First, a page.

Week 26: By the end of the second trimester, the fetus measures 23 cm and weighs around 800 g. Fingernails are growing and its body is still lean. The adrenal gland, which is situated just above the kidney, plays a key role in hormone production during gestation and during the third trimester produces large amounts of androgen-like hormones (which, in female fetuses, are converted to oestrogen). As a result, it is disproportionately large: by Week 20, the adrenal gland is as large as the kidney (although it is not always visible on an ultrasound scan) and, by Week 30, has a relative size that is ten to twenty times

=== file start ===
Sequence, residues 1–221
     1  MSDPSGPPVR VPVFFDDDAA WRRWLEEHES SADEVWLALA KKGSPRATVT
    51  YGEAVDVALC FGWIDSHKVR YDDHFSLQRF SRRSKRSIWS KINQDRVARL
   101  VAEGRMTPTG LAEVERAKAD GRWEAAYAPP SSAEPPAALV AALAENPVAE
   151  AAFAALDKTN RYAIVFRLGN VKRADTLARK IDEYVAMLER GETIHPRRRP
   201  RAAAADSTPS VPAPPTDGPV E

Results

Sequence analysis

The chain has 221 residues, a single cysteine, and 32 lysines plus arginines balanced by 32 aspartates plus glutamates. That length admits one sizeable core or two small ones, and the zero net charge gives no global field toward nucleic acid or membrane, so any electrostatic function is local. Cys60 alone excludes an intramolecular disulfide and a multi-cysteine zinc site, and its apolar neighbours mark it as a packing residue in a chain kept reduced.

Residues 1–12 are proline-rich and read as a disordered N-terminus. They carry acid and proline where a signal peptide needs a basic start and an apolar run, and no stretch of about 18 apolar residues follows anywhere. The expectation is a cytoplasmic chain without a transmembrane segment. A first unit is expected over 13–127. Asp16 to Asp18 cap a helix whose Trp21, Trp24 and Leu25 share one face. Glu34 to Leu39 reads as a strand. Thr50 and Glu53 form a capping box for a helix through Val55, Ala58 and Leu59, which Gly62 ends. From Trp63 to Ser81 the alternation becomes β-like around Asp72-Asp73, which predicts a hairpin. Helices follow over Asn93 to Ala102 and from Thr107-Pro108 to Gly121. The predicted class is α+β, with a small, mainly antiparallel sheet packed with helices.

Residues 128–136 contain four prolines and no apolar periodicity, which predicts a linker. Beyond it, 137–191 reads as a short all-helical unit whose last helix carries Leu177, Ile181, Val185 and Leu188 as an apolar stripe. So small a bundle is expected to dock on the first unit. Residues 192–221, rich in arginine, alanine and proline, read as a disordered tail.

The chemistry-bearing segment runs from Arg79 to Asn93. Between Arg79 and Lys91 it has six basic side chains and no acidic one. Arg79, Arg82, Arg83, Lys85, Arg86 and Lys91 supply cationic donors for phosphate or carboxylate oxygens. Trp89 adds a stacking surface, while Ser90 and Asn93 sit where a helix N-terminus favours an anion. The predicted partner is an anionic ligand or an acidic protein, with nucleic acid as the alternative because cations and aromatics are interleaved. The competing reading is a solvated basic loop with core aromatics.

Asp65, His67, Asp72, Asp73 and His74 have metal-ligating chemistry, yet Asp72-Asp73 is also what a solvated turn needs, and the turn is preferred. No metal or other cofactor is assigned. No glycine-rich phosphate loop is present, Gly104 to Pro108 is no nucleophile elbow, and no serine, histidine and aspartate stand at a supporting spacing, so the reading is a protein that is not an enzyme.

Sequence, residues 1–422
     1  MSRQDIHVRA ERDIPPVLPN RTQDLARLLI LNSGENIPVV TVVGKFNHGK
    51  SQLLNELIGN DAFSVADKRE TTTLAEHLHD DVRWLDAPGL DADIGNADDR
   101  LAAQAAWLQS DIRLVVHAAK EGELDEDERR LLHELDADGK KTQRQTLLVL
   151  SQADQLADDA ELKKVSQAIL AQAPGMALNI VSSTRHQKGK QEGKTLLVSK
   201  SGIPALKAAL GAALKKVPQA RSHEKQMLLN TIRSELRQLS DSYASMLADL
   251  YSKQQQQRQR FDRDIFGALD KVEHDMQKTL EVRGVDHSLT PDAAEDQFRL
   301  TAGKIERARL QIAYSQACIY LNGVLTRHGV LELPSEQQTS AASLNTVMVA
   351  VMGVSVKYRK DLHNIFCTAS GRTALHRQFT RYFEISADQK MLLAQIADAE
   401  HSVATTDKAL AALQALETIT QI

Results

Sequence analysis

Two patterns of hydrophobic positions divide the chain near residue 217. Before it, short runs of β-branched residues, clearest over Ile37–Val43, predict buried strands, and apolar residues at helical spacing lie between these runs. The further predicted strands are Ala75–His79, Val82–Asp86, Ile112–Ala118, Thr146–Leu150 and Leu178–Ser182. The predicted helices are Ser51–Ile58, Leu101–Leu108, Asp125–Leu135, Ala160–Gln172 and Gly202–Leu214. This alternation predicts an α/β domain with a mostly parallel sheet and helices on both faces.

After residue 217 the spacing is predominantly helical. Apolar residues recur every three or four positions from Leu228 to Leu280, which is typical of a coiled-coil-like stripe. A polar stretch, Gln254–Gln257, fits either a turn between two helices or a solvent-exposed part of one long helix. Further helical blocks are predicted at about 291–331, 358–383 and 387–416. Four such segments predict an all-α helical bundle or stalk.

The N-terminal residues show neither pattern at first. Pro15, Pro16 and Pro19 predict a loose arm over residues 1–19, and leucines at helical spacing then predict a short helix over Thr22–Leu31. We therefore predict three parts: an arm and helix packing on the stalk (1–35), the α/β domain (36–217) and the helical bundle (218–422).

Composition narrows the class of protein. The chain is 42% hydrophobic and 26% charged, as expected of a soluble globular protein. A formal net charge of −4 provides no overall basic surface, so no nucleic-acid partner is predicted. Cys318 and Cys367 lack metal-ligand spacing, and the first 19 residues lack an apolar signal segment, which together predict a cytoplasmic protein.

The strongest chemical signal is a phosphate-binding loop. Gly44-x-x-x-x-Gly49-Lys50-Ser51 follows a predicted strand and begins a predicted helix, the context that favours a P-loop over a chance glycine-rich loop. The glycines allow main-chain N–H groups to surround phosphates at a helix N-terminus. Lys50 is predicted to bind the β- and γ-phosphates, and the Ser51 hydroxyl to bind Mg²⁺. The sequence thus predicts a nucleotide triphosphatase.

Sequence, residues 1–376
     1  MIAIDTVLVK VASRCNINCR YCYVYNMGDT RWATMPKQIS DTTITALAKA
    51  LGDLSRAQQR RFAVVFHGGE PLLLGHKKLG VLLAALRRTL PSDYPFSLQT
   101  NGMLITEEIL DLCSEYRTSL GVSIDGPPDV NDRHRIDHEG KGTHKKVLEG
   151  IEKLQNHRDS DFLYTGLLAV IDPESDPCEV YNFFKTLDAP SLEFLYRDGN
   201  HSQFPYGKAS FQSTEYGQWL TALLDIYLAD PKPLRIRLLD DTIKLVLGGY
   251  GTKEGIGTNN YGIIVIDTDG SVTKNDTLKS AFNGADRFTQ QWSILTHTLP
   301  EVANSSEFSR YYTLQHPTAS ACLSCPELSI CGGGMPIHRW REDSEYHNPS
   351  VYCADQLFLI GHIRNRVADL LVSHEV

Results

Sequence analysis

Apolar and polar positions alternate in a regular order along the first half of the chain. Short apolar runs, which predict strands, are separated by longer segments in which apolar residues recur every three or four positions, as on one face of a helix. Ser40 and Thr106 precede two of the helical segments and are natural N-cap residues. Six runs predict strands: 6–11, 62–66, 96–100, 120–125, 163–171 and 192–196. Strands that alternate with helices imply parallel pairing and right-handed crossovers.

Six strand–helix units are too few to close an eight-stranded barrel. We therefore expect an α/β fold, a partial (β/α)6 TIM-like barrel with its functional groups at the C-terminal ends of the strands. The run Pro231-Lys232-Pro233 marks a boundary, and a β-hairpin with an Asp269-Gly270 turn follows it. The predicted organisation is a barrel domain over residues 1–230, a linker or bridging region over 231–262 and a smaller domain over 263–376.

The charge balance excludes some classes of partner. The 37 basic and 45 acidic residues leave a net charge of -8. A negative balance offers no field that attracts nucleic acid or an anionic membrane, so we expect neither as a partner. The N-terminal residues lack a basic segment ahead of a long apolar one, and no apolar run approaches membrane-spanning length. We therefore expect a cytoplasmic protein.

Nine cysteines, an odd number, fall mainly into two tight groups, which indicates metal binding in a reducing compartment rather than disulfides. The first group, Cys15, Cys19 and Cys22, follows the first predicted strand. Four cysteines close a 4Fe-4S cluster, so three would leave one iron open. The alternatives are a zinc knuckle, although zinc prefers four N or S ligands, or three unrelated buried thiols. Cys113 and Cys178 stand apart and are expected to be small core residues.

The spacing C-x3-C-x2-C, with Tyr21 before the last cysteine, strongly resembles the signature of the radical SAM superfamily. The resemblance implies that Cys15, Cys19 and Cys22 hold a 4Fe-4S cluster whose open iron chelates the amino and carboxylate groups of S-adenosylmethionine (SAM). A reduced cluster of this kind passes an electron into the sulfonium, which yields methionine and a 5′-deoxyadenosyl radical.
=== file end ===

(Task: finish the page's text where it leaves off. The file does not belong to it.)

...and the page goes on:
larger than that of the adult adrenal gland. The thyroid gland is the first endocrine gland to appear, and it reaches structural maturity by Week 17. 


Week 25: Back pain can become a problem and you need to take care of your posture when sitting and standing, as well as finding ways to safely bend down and pick things up.

Week 26: While you will only put on a little weight during the first trimester, in the second trimester you will be gaining about 0.5 kg per week, so that by the end, you will be around 6–6.5 kg heavier. If you have gained much more or much less than this, your GP or midwife may bring this to your attention at your antenatal checks.